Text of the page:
“An individual sense of call does not constitute the call; it has to be confirmed by the church and presbytery. Yet we have as a task force already recognized that as a denomination we’ve been less than open to what the Spirit might want us to do to serve and connect with communities.”

Sarmiento connected his own experiences as an immigrant to the salient question about language barriers and theological education, including barriers for Spanish-speakers, who constitute a large and growing part of U.S. population. “Not having enough resources in other languages than English is detrimental to the church,” he said.

During the last day of the in-person meeting, the task force split into smaller groups to engage in a guided exercise designed to help members think more deeply about the relevance and challenge of existing ordination practices. That time led to a compelling conversation about the merits of technical (smaller) changes vs. adaptive (wholesale) changes, and the role of the task force in possibly recommending one approach over the other, or a combination of the two.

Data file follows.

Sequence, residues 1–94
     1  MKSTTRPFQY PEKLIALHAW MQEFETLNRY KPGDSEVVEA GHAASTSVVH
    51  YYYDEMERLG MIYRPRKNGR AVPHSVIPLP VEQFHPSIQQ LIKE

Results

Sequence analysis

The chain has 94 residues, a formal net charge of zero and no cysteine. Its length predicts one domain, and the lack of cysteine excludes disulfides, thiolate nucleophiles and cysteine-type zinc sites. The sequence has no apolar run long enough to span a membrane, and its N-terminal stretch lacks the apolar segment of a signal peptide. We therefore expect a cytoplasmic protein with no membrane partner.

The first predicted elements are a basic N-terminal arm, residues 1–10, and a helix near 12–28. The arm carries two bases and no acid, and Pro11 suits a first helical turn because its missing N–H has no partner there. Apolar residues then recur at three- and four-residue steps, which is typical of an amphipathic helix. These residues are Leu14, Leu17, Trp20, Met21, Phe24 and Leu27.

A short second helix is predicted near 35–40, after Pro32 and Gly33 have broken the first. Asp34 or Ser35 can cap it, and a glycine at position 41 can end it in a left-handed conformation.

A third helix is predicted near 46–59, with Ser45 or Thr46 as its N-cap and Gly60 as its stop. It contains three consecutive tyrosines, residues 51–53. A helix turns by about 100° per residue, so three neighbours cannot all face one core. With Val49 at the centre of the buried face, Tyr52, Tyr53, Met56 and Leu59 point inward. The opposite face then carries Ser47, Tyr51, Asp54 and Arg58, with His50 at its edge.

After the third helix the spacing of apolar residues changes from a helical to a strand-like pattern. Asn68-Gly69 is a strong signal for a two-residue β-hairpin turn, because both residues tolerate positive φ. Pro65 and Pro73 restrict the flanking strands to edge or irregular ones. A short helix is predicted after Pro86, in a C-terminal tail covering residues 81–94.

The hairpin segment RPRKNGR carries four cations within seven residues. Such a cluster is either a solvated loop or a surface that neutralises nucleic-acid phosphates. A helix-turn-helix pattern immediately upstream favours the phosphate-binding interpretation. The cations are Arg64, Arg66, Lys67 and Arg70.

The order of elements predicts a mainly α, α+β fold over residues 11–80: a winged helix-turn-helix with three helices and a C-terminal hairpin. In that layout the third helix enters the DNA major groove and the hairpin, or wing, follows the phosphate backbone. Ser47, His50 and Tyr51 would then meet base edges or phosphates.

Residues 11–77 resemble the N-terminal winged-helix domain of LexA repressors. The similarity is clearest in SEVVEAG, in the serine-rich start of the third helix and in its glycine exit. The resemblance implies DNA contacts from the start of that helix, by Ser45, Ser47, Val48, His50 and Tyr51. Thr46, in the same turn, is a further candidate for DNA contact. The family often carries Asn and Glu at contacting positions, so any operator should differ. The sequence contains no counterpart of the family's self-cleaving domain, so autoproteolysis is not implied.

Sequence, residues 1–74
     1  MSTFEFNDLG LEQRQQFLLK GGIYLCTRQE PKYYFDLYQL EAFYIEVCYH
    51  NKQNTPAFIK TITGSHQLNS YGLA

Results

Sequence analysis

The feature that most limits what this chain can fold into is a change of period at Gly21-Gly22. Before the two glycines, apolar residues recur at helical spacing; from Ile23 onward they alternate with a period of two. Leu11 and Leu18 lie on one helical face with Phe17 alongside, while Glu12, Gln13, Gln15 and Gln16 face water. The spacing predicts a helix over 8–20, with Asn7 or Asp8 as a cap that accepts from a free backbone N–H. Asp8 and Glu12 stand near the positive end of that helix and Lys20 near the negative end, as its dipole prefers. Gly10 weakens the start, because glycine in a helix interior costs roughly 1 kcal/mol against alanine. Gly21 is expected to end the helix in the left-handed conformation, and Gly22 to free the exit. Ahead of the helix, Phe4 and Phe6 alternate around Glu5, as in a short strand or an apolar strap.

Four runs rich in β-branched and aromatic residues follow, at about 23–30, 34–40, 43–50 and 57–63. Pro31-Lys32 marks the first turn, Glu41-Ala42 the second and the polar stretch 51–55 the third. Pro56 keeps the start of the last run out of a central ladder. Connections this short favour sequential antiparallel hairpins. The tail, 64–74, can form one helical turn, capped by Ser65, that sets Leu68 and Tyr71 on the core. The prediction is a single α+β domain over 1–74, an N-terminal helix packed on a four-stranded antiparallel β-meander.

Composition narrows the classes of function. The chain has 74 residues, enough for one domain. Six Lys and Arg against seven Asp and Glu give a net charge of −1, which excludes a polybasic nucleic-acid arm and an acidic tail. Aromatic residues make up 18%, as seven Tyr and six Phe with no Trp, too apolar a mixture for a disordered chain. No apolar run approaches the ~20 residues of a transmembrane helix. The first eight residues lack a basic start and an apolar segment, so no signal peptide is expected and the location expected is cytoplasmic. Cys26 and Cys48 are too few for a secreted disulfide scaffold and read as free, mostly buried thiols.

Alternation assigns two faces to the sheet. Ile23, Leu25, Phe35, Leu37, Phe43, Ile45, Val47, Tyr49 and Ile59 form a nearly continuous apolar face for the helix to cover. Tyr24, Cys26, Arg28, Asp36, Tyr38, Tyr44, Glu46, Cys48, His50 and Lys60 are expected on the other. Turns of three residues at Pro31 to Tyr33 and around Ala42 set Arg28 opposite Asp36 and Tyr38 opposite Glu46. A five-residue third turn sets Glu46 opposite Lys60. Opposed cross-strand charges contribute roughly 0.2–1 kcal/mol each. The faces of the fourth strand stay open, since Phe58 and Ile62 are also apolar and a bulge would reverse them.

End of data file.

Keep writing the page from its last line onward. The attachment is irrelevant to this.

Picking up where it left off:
Following a Spirit-filled prayer by Teaching Elder Bobby Musengwa, the group experienced the assurance of the Lord in both its purpose and process. As their time together in Chicago drew to a close, the task force members focused on strategies for listening to voices from across the church to ensure that its reports include concerns and generative perspectives that will help the denomination facilitate avenues for a better ministry into the future.